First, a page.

Manulife Financial Corporation is a leading international financial services group that helps people make their decisions easier and lives better. We operate primarily as John Hancock in the United States and Manulife elsewhere. We provide financial advice, insurance, as well as wealth and asset management solutions for individuals, groups and institutions. At the end of 2017, we had about 35,000 employees, 73,000 agents, and thousands of distribution partners, serving more than 26 million customers. As of June 30, 2018, we had over $1.1 trillion (US$849 billion) in assets under management and administration, and in the previous 12 months we made $27.6 billion in payments to our customers. Our principal operations are in AsiaCanada and the United States where we have served customers for more than 100 years. With our global headquarters in Toronto, Canada, we trade as ‘MFC’ on the TorontoNew York, and the Philippine stock exchanges and under ‘945’ in Hong Kong.

SOURCE Manulife Financial Corporation

Feds settle lawsuit with moms denied extra EI benefits for sick leave

By Jordan Press

THE CANADIAN PRESS

OTTAWA _ It was seven years ago this week that the federal government told new mom Jennifer McCrea she couldn’t access sickness benefits while on maternity leave.

On Tuesday, the government publicly said it made the wrong decision and is agreeing to pay an estimated $11 million to about 2,000 women who, like McCrea, were blocked from accessing 15 extra weeks of employment insurance payments on top of a year’s worth of maternity benefits _ despite the rules saying they could.

McCrea, the woman at the centre of the case, said the settlement had left her in tears most of the day with the burden of the case now lifted from her shoulders.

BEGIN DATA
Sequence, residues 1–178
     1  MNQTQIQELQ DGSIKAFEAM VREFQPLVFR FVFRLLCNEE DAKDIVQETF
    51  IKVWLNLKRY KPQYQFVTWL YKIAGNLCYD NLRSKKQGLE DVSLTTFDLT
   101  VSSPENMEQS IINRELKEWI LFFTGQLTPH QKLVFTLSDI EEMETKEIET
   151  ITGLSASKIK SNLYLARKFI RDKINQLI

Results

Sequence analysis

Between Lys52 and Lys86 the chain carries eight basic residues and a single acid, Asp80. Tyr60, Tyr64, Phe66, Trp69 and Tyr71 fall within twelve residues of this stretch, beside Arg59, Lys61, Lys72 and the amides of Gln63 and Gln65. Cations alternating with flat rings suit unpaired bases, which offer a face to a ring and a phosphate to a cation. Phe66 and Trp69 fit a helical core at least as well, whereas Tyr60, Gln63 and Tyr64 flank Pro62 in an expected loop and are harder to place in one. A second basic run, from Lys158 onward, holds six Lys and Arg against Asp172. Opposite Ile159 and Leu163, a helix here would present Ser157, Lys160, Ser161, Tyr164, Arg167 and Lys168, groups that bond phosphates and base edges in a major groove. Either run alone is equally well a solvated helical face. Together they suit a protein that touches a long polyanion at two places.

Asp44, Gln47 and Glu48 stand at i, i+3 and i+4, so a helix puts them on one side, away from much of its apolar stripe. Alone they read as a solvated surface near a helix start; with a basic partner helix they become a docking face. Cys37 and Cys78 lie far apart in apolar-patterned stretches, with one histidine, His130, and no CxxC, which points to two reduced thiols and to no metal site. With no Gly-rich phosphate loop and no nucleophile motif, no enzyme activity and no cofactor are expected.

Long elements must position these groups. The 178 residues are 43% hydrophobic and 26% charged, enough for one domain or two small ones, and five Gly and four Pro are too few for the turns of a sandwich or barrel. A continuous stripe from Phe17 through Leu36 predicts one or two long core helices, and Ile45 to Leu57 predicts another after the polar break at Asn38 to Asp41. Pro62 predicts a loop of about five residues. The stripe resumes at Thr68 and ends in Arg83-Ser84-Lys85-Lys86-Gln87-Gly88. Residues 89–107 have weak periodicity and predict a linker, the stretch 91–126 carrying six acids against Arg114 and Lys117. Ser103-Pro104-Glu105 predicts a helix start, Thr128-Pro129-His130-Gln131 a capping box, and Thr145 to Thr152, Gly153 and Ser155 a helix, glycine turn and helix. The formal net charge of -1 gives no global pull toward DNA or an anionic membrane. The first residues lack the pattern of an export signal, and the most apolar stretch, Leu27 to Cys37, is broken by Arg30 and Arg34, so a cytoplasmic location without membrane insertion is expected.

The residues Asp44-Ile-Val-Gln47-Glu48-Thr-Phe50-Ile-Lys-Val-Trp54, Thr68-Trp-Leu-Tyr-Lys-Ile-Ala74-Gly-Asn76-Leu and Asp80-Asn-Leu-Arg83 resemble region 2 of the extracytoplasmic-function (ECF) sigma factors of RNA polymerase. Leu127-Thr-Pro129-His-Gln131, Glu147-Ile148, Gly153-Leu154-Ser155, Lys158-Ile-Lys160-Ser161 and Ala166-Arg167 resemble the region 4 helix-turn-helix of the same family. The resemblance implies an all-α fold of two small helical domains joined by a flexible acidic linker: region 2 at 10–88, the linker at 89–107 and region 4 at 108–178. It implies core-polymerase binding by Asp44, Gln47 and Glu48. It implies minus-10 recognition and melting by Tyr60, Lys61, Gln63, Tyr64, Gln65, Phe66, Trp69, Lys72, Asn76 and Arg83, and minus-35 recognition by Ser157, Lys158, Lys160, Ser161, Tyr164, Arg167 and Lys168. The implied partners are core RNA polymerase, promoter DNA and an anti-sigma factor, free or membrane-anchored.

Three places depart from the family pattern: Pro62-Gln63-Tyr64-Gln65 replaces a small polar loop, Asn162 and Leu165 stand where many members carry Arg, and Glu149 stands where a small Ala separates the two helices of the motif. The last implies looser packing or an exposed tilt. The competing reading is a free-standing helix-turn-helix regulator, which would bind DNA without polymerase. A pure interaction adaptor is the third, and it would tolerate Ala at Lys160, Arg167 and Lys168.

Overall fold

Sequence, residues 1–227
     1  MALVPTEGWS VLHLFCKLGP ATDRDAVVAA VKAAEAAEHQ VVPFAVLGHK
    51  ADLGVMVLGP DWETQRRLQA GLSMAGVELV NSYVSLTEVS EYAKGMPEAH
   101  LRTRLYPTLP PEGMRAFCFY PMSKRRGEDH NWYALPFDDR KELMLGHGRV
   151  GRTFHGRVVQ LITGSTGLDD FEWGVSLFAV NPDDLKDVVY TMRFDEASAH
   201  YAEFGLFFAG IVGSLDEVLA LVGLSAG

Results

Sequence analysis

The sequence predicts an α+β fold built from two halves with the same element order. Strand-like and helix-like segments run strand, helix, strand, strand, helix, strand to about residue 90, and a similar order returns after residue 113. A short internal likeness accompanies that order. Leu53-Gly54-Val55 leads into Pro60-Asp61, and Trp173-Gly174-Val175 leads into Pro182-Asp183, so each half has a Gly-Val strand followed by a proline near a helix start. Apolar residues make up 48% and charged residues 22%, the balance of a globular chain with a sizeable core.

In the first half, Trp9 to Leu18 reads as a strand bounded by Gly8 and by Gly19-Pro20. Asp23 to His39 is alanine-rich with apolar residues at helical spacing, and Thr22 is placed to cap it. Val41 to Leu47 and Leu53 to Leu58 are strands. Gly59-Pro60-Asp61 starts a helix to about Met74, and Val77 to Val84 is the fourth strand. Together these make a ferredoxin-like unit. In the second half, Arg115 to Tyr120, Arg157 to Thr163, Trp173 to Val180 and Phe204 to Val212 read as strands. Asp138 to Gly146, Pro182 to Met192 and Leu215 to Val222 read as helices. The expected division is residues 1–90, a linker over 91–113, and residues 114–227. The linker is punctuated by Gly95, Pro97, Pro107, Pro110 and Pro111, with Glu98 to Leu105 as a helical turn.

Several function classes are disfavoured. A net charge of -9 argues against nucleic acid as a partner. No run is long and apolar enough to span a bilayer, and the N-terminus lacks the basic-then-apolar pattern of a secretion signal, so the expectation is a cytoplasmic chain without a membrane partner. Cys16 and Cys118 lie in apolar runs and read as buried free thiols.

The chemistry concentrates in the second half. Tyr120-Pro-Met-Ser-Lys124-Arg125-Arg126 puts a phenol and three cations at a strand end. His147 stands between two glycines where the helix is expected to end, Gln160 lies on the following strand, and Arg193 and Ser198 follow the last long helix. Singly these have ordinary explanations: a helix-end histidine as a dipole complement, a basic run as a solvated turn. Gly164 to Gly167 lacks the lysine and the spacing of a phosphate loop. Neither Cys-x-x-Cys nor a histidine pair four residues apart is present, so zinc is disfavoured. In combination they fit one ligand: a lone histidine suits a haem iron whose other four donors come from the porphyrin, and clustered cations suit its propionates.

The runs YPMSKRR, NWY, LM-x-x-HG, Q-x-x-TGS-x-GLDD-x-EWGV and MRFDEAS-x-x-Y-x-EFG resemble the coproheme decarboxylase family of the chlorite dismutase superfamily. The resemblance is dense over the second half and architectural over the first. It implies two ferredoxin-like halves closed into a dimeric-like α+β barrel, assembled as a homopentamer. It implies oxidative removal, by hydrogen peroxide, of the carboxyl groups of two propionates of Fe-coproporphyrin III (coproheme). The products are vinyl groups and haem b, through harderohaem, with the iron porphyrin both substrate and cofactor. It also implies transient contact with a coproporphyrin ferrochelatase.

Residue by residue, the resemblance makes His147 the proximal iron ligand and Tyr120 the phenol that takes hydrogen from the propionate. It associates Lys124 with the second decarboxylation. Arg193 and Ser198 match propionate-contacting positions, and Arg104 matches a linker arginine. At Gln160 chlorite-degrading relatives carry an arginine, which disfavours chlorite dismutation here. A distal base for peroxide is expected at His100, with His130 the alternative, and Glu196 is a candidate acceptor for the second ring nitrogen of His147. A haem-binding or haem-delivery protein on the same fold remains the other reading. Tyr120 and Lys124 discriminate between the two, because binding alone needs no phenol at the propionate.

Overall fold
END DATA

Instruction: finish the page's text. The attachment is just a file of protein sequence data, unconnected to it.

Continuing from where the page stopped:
“There were a lot of people that this happened to and we wanted to make sure it didn’t happen to anybody else in the future and that we needed to help them,” McCrea said in a telephone interview from her home in Calgary.

“Absolutely we’ve been successful in doing that. Whether that took seven years or 17 years, that was originally what it had to be and it wasn’t just about me…. It was about helping others.”

McCrea was diagnosed with breast cancer in July 2011, while she was on maternity leave with her youngest son, Logan, who was eight months old at the time.

She had a double mastectomy in August 2011 and was deemed cancer-free shortly afterwards, but was denied sickness benefits, despite a 2002 law that allowed new parents to access the additional weeks of EI payments.

McCrea took the government to court in 2012 alleging thousands of others were also denied benefits between 2002 and 2013, when the Tories clarified the law for all future claims.

The problem was that prior to 2013, the government wouldn’t let new mothers and fathers switch from parental to sickness benefits until they could show they were otherwise available for work.